Mapps Beats Eudaly; Wheeler Re-elected
In Gresham, first Black mayor wins
Michael Leighton | 11/4/2020, 11:59 a.m.
Mingus Mapps captured a seat on the Portland City Council in Tuesday’s General Election, which will make him the third person of color, a new majority on the five-member panel, when he takes office in January, joining current Commissioner JoAnn Hardesty and incoming Commissioner Carmon Rubio, the executive director of the Latino Network.
City voters also re-elected Mayor Ted Wheeler in a close contest against Portland activist Sarah Iannarone. Wheeler, under intense pressure from his response to months of clashes between police and protesters following the death of George Floyd in Minneapolis, eked out a victory for a second term with just 46 percent of the vote, compared to 41 percent for Iannarone. A write in campaign for Black activist Teressa Raiford appears to have captured about 13 percent of the vote.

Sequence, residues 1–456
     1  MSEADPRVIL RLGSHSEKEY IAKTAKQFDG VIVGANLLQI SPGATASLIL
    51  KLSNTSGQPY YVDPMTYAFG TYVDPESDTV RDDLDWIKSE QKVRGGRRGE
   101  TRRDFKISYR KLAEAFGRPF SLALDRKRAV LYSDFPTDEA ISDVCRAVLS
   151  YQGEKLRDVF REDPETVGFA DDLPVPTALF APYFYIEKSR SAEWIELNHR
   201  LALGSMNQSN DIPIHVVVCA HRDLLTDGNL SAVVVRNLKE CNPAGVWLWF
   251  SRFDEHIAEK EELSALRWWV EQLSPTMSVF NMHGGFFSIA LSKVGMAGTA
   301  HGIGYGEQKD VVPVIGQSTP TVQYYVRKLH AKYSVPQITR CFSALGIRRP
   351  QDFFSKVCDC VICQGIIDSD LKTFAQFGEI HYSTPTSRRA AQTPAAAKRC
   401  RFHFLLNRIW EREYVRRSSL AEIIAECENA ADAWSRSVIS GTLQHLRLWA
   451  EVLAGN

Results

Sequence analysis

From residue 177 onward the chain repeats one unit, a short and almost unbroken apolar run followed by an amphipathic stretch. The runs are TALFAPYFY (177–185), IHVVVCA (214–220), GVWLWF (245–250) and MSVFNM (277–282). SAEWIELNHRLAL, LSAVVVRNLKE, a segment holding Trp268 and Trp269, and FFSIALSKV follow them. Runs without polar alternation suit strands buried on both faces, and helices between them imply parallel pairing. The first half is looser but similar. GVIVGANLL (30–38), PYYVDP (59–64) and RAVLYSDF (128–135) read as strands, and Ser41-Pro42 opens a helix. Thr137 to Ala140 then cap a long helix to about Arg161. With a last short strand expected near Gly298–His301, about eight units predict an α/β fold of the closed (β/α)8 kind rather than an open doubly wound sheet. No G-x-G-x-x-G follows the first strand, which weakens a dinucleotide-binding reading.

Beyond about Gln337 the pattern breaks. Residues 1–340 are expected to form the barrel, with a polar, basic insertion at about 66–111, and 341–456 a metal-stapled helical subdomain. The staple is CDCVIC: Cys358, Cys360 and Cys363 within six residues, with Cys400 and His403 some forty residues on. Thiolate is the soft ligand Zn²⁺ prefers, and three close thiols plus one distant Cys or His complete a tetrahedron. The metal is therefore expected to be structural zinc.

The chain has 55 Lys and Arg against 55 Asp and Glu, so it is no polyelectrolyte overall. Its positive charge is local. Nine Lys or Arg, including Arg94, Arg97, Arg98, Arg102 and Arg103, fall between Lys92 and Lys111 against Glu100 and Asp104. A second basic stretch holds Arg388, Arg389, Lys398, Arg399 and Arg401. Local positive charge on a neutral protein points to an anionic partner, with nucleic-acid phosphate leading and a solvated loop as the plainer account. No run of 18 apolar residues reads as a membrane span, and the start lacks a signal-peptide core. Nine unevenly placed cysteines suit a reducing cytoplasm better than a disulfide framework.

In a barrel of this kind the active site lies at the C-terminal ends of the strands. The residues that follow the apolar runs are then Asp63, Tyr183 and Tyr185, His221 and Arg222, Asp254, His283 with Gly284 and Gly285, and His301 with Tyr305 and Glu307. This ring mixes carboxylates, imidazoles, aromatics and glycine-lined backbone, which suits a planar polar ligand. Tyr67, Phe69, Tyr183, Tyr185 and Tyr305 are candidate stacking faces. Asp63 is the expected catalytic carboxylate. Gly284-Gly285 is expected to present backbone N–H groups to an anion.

Mapps, a public policy consultant and former employee in Portland’s Office of Civil Life, won 56 percent of the vote to the 43 percent tallied for incumbent Chloe Eudaly, his former boss. Mapps resides in southeast Portland. He is a father of two sons, the fourth member of his family to graduate from Reed College and has a PhD in government from Cornell University.
In Gresham, Travis Stovall, appears to have won an extremely close election as the first African American mayor of Multnomah County’s second largest city, and the first Black mayor of any municipality in the Portland area, including the city of Portland.
Stovall, a long time Gresham resident, small business owner and community leader, captured 16,218 votes to 16,145 votes for second place finisher Eddy Morales, a difference of just 145 votes. Multnomah County Elections spokesperson Eric Sample says the difference is about 65 votes more than what would have triggered an automatic recount.
Sample says all precincts in Multnomah County have been counted as of Wednesday with only a few ballots remaining to be counted coming in from ballot drop-offs in other counties and rejected ballots needing examination, an amount not expected to make enough of a difference in the Gresham race to change the outcome.